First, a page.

Saturday, December 06, 2008

Clipper Storm Brings Light Snows to SNE

Good Saturday morning to all. We have a clipper storm that is pushing through the Great Lakes and Ohio Valley this morning and will be developing a secondary off the northern NC coast, but will move too far out to sea to deliver a knock out punch to SNE. It will however, bring an inverted trough into the area that will set off some snow showers and periods of light to occaisionally moderate snowfall starting very late tonight and early tomorrow. It brings in enough snow to whiten the ground and cause some slick driving in spots. The first snows will start when temperatures are in the upper 20s in SE MA, and mid 20s in NE MA. So you can expect the snow to start sticking the roads, so be careful if you are out driving way late tonight and early tomorrow morning, between 3-5AM. The snow will be heaviest in the morning hours, if you want to call snow falling with visibilities ranging between 1-3 miles, occaisionally coming under 1 mile. Overall, on the South Shore, excluding the Cape, expect about a slushy inch when all said and done. Futher north in towards the 128 belt out to Worcester, expect a good 1-2", but there may be a spot 3" amount in northern Essex county and SE NH. The heaviest of the snow will fall in Downeast Maine, where they will get a more matured storm and this will deliver a healthy 3-6", but a few places especially near the tip of Downeast Maine may see a spot 6"+ amount. I wouldn't be surprised to see a local 8" or 9" amount up there. Then into Canada, they will get slammed with 1-2', blizzard conditions. That's all for now. I will try and come up with a five day later on this afternoon/evening. Have a good day.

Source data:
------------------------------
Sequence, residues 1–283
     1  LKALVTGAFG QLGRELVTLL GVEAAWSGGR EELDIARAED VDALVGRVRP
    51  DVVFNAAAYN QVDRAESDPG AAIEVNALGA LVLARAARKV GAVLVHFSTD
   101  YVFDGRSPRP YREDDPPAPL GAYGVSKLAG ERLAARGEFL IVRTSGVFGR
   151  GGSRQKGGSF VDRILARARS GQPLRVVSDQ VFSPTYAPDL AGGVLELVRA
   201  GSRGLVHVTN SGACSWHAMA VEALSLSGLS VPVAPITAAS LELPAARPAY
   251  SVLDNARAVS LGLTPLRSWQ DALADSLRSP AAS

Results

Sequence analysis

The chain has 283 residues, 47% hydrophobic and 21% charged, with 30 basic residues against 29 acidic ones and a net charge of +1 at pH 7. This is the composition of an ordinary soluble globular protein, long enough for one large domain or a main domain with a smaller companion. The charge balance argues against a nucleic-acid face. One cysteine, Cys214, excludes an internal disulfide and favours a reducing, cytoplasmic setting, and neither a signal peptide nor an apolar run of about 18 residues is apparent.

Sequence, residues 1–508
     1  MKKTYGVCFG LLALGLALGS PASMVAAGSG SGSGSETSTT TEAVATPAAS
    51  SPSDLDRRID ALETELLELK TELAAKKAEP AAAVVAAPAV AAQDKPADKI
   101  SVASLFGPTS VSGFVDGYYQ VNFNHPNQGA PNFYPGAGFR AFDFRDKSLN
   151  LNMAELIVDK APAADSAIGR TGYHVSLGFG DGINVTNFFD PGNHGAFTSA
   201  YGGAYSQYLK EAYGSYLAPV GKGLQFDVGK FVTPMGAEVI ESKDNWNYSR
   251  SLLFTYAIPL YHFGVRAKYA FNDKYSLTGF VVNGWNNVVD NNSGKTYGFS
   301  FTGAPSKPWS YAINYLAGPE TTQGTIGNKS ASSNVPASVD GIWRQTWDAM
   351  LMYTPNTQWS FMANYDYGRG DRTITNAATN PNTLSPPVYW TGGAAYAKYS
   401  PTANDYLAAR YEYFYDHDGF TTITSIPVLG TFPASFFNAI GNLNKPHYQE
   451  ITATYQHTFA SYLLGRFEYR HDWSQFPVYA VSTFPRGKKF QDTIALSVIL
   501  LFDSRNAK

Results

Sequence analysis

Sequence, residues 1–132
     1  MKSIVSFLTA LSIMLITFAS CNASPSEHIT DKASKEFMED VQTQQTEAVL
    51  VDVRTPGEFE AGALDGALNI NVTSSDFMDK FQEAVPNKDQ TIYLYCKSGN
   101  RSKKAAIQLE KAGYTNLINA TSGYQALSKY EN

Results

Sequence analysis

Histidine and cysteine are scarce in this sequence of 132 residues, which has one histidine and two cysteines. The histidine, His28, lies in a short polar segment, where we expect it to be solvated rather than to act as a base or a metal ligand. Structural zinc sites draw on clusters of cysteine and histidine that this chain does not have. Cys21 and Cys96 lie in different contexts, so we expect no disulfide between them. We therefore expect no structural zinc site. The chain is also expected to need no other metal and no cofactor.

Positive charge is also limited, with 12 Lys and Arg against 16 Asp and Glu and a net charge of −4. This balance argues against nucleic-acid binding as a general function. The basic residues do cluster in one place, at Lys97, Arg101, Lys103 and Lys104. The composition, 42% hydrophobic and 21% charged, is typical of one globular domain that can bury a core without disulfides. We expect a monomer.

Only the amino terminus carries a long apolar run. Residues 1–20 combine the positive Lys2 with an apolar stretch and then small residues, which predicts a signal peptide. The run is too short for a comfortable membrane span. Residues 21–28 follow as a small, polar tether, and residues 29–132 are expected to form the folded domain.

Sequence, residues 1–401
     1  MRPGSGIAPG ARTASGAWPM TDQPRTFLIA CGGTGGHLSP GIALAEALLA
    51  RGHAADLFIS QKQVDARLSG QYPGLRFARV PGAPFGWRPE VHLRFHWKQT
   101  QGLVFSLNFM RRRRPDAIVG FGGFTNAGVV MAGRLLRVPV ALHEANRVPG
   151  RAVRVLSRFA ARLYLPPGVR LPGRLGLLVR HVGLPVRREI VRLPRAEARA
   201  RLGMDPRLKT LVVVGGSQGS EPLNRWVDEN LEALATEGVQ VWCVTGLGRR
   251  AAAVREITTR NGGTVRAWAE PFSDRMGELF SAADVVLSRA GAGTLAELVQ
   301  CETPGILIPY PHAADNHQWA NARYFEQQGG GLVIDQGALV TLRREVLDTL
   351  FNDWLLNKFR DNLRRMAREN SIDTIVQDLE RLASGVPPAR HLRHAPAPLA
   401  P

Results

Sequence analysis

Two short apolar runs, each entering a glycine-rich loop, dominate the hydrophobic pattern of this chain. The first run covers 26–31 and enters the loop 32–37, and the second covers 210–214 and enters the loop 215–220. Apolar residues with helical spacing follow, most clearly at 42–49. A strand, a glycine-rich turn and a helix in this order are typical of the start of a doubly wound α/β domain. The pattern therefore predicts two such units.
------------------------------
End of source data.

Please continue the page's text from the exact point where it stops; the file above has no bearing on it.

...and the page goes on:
Wednesday, December 03, 2008

"It's a Clipper Skipper!"

Good evening everybody. I am writing this post tonight with the news that snow is back in the forecast for real, for SNE. We have been watching this threat of a clipper redeveloping, alla Miller B, for Sunday. Well, after on and off again model runs yesterday, all things are starting to align for at least a light to moderate snow event for much of eastern LI and SNE, heading into ME for the end of this weekend. Above, I have posted a printout of what the 18z GFS ensembles were showing. They are much more robust and dig the H5 pattern much more so than the OP 18z GFS run. That is a red flag in our business for the OP runs to start shifting west, which is good for more QPF and snow in our backyards. The other computer model we look at religiously is the EURO. This computer model has been showing a pretty good to solid SNE hit for the past few runs since yesterday. It is looking more and more likely like our forecasts will start turning much snowier come 11PM tonight, if not by 12 NOON tomorrow for our Sunday storm. It is still a little far away to peg snowfall amounts, but preliminary amounts would throw a few inches of snow for much of SNE into Downeast Maine. A few inches can mean anything above 2" and less than 6". We will have to watch and see if the trend stays our friend tonight at 00z on both the GFS and the EURO and I do not see why it would not. We are starting to enter the EURO's hammertime range and its been locking this storm in since the get go. We just need the GFS to jump on board (QPF wise) as it started with the placement of the H5 low at 18z. Now we just need it to go fully come 00z tonight. With the EURO, we just need it to stay status quo and by Friday afternoon, this site will be throwing up snow maps for snowfall that will actually fall in our backyards and not 500 miles away.

Monday, December 01, 2008

Welcome to December!